(Thiess) What advice do you have for young women to become their very best?

(Nicole) Patience and sensitivity. But patience is very very important. Self critique is also important. If something goes wrong, you should always ask yourself what you could have done wrong. Because the horse usually reacts to aids from the rider.And when the problem is horse related - why wouldn't he have a bad day every now and then or simply make a mistake? Are we humans always so perfect?


The Training

Nicole Uphoff Becker trains her horses in the DOKR (Deutsches Olympiade-Kommitee für Reiterei). The daily work begins the same for every horse. At the extrended walk she sends the horse deep with hand and leg aids. Her hands are occasionally active (a taking and giving of the rein) when it is a horse that does not give the neck immediately. Higgens, a six year old brandenburger warmblood gelding needs a little more than Herrman's Sir Lennox. "Before he came to me, he was always warmed up with the neck forcefully up." explains Nicole about Higgens. Then she puts the horse consistently on the outside rein, opens the inside rein and uses small spur aids methodically. As the horse lets go of the neck, and drops his head behind the vertical until the nose is almost touching the front knees, his overtracking has increased to at least 2 hoof-lengths. After a couple of trot steps, she half-halts and checks down to walk, and transitions back to trot... All on bent tracks, in a very deep frame. Deep, deep, deep and round. With an evidently active arched back her horses march along in rythm, totally balanced.

The ease that her horses radiate during the work, is the strongest impression. The contact is light, but always present. Whenever she wants to, she can pick the horses up and ride in a normal frame - and then they move beautifully and at ease.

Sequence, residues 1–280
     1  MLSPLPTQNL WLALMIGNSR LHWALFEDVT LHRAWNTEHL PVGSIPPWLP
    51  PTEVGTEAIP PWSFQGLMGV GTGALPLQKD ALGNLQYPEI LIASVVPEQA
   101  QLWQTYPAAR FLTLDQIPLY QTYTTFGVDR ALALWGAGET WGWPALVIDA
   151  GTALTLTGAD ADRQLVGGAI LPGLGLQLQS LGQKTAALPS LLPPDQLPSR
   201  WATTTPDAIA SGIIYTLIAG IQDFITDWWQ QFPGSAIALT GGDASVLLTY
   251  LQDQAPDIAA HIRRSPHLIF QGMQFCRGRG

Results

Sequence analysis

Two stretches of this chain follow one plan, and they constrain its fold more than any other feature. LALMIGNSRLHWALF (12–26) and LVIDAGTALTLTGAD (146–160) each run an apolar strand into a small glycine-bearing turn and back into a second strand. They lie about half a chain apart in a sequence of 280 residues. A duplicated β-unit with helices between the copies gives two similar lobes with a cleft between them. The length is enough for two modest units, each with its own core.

The Correct Aids

Basically the outside rein is there to be able to get the horse through the poll (up or deep) and tempo changes by half-halts. This means the the rein must never slack, the contact should always be there. The inside rein is there for loosening and positioning. The inside hand mus always release so that the inside hindleg is not blocked. To get the horse on the outside rein, I need to half-halt on the outside and drive with the inner leg towards the outside rein. When I want my horse set deeper, I simply shorten the outside rein and drive with my seat and legs and give the rein downwards, as my horse takes the rein down. When you ride deep, as the horse loosens at the front end, you slow the tempo, so that the horse swings his back and the hind end works correctly. For me is it not important that the horse steps vigorously under, it's enough that he calmly slopps forward. The most important thing is that the hindhand springs well and that the horse takes calm long steps.


How does the long, deep and round frame work?

Through a correct use of the long, deep and round frame, the neck muscles of the horse stretch and relax. These are in connection with the massive shoulder and back muscles, that also stretch and an arching of the back follows. Those massive muscles will have greater range to contract energetically and to stretch out again. They begin to swing to the rythm of the gaits. This relaxation is transmitted to the massive croup and hindleg muscles, that also start to work energetically and powerfully.
The muscles of the horse can be devided into
A) muscles of the head,
B)muscles of the hind (including neck musculature) and
C) muscles of the joints.
Every muscle has it's equal on the other side of the body, so there's two of every muscle. You can divide the hindmuscles into hind-flexors or hind-extensors. The antagonists (the opposing muscle) work with their synergists to form a perfect coordination between muscles. The muscles of the extensor system is on the top side of the back, and is more developed, while the flexor system of the back is situated on the bottom side of the neck, butt belly and ribs and the front side of the fore- and hindlegs and is less developed.